Sunday 14 June 2009
This year's NBR was bigger and better than ever. No definitive figure of attendees yet, but definitely more than last year (which was 400) – I would bet somewhere between 5 – 700. The weather was fantastic as we all assembled on the Level in an atmosphere of fiesta. It does seem that getting one's clothes off in the sun and as a large group makes for conviviality, maybe it's because all pretence is over and everyone is as vulnerable as another, perhaps that's also part of the pleasure of sun bathing on the beach. Anyway enough speculation, the fact is that it was a great experience – colour, music, a sense of freedom and the pleasure of taking part in a common purpose (it occurred to me as I went wobbling along handing out the card about oil and global warming that this may be what historic Clarionettes felt when they went out on their bikes with their leaflets.) As it turned out Leon, Joyce and Fred seemed to be the only ones carrying the Clarion torch (or trumpet) this time, I know the others were out on the 'proper' Clarion ride.
We did about 8 miles sailing past the Pavilion, along the seafront into Hove with crowds of people, clapping, laughing and cheering all the way. When I asked Leon if he wanted to do the report he said that he could find no way of expressing his feelings of 'euphoria while whirling through a kaleidoscope of fantastic colour and movement'. Seems to me he summed it up very well.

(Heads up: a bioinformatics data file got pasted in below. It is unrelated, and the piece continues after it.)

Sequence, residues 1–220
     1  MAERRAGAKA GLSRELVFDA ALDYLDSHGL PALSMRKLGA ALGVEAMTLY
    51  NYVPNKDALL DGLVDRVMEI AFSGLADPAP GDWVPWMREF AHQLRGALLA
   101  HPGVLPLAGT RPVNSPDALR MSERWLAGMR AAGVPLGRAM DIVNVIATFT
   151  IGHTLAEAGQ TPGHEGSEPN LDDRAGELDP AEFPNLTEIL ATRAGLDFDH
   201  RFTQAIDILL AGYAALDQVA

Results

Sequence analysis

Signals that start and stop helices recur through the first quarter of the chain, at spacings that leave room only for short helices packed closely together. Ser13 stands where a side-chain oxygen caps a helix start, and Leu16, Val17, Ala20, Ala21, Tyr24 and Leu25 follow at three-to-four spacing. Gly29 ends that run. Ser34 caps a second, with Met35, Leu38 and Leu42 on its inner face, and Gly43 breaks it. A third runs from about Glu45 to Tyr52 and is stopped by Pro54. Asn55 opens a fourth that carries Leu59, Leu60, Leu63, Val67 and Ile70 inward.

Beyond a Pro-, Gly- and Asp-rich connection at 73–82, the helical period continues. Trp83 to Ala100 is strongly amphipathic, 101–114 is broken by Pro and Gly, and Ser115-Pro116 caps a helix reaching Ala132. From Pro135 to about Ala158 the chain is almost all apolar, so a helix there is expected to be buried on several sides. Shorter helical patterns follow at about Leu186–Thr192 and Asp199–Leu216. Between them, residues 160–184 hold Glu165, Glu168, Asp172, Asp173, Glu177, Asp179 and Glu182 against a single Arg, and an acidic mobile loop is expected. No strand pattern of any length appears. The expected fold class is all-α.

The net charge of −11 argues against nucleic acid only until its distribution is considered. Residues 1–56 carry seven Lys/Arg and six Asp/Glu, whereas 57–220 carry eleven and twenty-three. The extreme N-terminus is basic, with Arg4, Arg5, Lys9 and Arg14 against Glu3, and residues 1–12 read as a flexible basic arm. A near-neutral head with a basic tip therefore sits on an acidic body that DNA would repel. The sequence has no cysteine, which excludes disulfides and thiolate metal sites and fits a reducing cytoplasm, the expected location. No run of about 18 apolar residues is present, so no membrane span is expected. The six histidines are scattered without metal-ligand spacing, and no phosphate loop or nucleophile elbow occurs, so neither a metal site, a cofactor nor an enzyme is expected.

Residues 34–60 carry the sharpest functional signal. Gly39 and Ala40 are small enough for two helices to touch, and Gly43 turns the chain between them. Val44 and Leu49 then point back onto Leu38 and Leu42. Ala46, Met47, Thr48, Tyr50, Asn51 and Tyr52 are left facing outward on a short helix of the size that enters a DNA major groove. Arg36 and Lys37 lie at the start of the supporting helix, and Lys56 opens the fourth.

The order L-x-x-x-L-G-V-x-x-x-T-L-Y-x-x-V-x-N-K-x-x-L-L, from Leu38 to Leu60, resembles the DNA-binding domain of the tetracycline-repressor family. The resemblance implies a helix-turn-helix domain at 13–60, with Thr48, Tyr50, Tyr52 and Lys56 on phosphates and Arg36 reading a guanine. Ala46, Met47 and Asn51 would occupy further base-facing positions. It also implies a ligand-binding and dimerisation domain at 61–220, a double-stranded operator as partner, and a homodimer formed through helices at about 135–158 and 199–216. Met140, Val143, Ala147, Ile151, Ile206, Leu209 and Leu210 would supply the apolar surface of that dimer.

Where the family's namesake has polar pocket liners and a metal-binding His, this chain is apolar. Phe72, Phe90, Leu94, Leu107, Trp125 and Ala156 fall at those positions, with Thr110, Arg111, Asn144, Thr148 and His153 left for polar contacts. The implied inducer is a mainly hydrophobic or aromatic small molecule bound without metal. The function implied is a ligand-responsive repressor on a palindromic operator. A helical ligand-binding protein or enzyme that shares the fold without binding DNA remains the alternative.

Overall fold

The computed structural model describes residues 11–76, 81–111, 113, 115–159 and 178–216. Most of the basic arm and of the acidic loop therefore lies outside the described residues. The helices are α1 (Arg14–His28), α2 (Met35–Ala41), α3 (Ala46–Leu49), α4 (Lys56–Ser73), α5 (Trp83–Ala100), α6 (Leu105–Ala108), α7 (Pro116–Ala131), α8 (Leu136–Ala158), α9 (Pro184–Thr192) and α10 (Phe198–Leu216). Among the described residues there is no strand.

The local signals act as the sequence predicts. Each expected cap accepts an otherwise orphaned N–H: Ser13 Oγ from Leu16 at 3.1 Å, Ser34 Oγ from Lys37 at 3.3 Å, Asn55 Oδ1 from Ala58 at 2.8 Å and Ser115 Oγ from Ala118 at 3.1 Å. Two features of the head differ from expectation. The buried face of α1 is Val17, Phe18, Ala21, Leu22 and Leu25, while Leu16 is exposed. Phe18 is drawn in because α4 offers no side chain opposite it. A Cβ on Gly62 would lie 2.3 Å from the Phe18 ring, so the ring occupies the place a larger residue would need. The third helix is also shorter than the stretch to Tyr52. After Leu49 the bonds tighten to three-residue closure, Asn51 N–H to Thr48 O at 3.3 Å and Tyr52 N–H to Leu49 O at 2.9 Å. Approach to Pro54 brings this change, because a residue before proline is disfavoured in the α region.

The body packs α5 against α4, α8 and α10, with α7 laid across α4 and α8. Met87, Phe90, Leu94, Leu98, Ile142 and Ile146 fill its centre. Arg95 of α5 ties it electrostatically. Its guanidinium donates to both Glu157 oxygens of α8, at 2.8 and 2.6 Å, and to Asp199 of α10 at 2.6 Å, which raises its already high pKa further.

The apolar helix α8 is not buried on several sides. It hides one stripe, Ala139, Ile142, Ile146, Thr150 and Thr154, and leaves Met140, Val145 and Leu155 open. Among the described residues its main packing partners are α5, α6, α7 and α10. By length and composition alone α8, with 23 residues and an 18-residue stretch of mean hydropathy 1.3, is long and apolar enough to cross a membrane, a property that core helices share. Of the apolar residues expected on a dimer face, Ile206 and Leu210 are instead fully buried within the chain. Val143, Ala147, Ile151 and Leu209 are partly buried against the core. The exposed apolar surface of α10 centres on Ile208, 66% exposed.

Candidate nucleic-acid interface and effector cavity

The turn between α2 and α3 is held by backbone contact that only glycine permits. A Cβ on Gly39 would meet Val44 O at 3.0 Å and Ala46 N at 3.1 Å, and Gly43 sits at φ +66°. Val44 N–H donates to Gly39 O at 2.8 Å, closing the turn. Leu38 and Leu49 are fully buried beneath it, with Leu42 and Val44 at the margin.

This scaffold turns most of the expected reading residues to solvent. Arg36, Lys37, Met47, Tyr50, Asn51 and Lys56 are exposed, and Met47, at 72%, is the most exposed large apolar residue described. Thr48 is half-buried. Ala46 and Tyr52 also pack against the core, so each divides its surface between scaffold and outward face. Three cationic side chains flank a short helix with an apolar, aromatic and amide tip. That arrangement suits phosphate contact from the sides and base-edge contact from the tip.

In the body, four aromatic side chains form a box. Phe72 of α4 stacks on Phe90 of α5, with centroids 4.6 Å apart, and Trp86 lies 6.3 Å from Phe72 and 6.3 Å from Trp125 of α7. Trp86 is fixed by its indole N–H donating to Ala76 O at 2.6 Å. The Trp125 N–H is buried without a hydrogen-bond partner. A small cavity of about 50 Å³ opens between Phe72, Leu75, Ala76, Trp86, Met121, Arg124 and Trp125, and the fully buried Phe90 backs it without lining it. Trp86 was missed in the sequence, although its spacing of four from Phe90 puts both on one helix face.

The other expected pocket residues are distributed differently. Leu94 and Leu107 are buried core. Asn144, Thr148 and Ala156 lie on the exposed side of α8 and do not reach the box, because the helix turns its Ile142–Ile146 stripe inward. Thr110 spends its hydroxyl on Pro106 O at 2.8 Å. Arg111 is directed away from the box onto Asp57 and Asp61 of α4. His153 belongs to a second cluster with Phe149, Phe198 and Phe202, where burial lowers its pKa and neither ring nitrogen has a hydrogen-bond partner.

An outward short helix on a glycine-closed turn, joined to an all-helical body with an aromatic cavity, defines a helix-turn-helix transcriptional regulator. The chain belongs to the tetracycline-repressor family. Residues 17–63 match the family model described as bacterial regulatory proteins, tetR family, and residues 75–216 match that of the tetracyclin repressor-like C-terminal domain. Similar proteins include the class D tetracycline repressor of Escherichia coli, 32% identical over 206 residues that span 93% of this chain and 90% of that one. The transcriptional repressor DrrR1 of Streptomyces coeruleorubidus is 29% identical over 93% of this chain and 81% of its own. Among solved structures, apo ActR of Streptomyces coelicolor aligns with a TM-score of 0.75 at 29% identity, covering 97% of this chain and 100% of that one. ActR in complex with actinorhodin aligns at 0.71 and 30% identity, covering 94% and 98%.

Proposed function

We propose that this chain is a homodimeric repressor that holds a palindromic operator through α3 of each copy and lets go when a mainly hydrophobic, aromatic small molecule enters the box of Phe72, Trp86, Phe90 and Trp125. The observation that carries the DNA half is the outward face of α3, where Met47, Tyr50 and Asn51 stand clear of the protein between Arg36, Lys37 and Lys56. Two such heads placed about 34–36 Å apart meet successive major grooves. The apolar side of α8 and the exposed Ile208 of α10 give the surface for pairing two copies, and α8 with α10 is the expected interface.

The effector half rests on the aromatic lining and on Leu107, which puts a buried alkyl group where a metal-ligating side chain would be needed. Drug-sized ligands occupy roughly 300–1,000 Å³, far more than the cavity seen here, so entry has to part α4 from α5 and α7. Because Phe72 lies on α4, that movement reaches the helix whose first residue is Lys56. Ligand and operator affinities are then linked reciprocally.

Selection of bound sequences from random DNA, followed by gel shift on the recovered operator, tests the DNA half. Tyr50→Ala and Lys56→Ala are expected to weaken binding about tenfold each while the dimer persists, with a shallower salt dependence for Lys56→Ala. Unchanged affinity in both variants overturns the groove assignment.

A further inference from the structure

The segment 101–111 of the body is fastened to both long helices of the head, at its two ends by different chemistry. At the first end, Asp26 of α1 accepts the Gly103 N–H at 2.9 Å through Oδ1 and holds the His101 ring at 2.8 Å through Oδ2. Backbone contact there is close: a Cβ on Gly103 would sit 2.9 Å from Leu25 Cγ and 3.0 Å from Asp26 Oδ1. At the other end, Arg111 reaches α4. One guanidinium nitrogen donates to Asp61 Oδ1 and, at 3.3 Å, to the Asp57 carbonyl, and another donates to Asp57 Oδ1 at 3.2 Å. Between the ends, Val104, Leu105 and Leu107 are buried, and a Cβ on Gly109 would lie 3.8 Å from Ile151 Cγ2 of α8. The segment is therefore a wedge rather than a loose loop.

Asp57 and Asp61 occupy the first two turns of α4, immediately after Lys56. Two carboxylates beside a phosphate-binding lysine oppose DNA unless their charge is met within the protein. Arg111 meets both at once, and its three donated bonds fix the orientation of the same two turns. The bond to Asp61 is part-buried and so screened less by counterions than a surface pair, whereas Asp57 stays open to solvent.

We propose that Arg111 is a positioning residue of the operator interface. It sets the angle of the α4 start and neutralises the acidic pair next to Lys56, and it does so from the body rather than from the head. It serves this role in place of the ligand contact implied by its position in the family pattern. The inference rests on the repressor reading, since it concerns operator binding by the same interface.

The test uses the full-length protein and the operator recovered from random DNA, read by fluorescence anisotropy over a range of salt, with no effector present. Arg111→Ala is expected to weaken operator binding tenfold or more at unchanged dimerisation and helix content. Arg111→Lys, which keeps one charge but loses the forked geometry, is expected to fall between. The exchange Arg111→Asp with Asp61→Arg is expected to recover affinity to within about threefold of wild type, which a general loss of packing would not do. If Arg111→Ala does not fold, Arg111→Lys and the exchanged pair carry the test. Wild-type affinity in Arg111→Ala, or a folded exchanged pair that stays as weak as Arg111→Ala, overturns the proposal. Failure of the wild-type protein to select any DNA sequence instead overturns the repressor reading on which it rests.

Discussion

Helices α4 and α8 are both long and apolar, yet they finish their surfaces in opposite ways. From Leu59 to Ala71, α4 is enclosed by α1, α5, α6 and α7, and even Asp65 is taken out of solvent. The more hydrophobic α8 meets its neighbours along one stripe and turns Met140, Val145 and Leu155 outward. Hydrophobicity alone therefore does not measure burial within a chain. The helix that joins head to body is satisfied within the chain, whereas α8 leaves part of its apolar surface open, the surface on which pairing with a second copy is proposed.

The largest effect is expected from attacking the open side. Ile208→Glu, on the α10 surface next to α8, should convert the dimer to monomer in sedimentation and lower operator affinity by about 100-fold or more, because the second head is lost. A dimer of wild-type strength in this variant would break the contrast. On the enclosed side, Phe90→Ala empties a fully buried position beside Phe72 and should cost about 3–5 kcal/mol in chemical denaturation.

We ended at the nudist beach where a fantastic day ended with a wonderful swim in a breathtakingly cold sea and a naked man playing the trumpet (Leon has a great photo but not for the Clarion web site!)....
[Video of the ride passing Jubilee Library here]
Sunday 14 June 2009
[More photos on Flickr]
The landlady of the pub opposite the station agreed to take our photo and I asked her to put the pub in the photo, out of gratitude for the photography. Regretted it afterwards as the station itself was picturesque and said Barnham on it – thus labelling the ride [or not thus, as it turned out]; my fault as my camera was the only one available. Landlady keen for us all to have a drink, but we were all keen to get going on the ride; as we did.
Entering Nyton Spinney we were cocooned in green branches and surrounded by swaying grasses. The girls joined in choral singing of 'Underneath the Arches' and the birds provided Messiaen-like accompaniment. A truly peaceful, sylvan ride along field edges ensued. You had to keep your wits about you and react to the track [footpath] and not take your eyes off to the views of the distant Downs, or you'd come a cropper, but nobody did.